“He [Ezekiel] left Senegal for Ecuador in the middle of the year along with two other men from Cameroon who had also raised the money required for the trip,” said Grace, 34, who is six years younger than her half-brother. “Hopefully,” she said, “three others from the group, including me, will travel before the end of the year.”
Traveling from West Africa to Ecuador is relatively easy. A decade ago, the South American nation passed a new constitution that established an “open door” policy for all foreigners visiting the country. A visa was not required to enter, making Ecuador one of the most liberal countries in the world in terms of accessibility, and turning it into a popular destination for people who wanted to travel to or through the Americas (Ecuador later reinstated visa requirements for Afghanistan, Bangladesh, Eritrea, Ethiopia, Kenya, Nepal, Nigeria, Pakistan, and Somalia).
Since Dream America was created in October 2017, close to a dozen people have departed for South America. It is not clear how many have made it across Central America and Mexico into the U.S., because many migrants fail to keep in touch.
“One crossed the U.S.-Mexico border late last year,” Grace said. “A couple of them have called to say they were denied entry by U.S. Customs and Border Protection officials.”
Ezekiel and the two other Cameroonians arrived in Quito, Ecuador’s capital, in June. From there, they traveled by road through Colombia and over trails in the Darien Gap, a lawless forest. The route was well documented by CBSN last year, following an Iranian Christian refugee, among others.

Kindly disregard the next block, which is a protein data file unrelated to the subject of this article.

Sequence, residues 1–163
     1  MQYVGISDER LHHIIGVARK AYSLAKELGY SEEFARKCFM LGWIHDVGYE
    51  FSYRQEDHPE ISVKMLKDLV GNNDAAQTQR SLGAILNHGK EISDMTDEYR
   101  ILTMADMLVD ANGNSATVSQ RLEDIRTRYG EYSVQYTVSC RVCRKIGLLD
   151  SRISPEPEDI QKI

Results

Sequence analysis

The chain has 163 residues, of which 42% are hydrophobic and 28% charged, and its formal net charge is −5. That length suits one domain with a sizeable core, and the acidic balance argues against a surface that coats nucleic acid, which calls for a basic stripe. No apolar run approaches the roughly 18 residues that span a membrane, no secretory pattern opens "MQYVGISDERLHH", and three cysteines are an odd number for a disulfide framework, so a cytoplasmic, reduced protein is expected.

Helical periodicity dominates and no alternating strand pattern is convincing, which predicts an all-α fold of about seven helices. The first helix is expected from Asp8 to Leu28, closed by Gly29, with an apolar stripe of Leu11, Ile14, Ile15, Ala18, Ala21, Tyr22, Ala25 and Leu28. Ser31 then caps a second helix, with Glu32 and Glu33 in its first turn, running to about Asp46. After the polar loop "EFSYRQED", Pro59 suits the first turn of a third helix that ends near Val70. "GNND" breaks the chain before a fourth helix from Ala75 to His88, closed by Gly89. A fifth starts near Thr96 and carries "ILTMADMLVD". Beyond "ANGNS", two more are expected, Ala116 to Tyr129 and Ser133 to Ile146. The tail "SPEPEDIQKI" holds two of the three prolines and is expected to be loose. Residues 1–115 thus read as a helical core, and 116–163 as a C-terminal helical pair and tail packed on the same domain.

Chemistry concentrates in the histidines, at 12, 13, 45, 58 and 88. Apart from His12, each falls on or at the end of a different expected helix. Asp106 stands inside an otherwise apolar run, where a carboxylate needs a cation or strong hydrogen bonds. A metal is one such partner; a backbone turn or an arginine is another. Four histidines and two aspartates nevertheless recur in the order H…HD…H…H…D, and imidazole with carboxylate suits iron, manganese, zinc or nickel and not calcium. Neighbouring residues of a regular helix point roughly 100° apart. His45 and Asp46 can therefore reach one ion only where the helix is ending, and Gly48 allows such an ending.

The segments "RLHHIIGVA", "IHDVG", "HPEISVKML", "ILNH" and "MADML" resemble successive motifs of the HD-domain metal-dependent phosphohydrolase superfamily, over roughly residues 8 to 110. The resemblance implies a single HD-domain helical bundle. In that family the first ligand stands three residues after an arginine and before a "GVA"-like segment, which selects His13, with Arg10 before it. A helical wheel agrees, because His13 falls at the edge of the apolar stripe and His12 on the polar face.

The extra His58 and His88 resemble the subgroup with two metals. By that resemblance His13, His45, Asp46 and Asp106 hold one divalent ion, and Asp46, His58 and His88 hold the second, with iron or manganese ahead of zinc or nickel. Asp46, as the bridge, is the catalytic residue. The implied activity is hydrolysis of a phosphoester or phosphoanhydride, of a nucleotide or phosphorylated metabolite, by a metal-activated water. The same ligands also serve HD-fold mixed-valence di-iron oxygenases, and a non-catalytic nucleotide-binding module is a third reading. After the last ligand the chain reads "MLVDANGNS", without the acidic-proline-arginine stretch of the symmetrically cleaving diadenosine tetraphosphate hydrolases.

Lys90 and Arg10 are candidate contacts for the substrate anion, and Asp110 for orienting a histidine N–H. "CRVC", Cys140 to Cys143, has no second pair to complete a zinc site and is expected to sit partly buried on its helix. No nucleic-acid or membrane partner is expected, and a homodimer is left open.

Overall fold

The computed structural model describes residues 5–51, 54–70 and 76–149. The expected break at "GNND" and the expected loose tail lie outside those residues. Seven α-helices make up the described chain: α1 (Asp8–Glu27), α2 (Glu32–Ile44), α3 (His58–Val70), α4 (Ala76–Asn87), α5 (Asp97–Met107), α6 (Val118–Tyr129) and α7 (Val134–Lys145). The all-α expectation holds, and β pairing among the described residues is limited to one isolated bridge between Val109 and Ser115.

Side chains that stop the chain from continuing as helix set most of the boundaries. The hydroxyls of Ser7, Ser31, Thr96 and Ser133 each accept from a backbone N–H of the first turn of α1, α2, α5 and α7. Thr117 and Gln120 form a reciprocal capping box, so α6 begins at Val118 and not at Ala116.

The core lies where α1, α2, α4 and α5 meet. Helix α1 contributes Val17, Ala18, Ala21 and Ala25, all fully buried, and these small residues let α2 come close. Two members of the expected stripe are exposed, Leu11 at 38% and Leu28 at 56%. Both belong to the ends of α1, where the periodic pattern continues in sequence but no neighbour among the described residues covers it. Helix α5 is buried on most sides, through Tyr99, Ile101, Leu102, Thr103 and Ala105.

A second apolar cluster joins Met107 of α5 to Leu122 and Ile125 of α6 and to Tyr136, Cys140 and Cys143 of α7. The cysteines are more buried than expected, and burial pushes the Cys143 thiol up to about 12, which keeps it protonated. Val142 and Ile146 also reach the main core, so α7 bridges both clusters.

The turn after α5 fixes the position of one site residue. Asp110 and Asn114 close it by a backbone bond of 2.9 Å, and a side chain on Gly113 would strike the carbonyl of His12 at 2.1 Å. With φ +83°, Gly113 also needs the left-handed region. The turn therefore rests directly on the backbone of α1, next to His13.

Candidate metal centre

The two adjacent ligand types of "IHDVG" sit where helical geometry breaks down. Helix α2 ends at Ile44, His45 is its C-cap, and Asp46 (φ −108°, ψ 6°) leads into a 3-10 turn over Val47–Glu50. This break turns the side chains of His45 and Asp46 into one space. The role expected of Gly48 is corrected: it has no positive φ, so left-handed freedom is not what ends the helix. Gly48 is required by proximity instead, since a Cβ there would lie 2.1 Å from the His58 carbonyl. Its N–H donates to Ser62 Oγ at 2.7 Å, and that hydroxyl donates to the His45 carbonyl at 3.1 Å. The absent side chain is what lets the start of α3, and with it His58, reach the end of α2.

“[Ezekiel] explained to me on the phone how armed bandits asked him to take off his clothes as they searched all over him for money,” said Grace, who often gets phone calls from her half-brother. “He said he saw dead bodies in the forest, including those of children.”
In Panama, the migrants turned themselves over to authorities in the hope that they would be granted visas to pass through the country freely. They were then detained in a military camp, as officials took time to check their identities. Eventually, they were released after being granted exit visas to move to the next country, a pattern that is common in countries in Central America.
Another smuggler then took the Cameroonians and several other migrants from West Africa and Asia across the Panamanian border into Costa Rica, where he handed them over to a truck driver who smuggled them up through Nicaragua to Honduras.
After Ezekiel spent weeks in Honduras, another smuggler helped them get on a bus that took them through El Salvador to get to Guatemala. The migrants eventually crossed into Mexico and arrived at the city of Tapachula last week. Here, they were given a 20-day permit to cross on to the next country, which everyone understood would be the United States—if they could find a way.
Then, days after the Cameroonians got to Tapachula, much to their surprise they were joined in the city by a caravan of thousands of Central American migrants, mainly from Honduras, Guatemala, and El Salvador, who have fled violence and poverty in their countries. As of Monday, more than 7,000 people in that “caravan” had crossed into Mexico.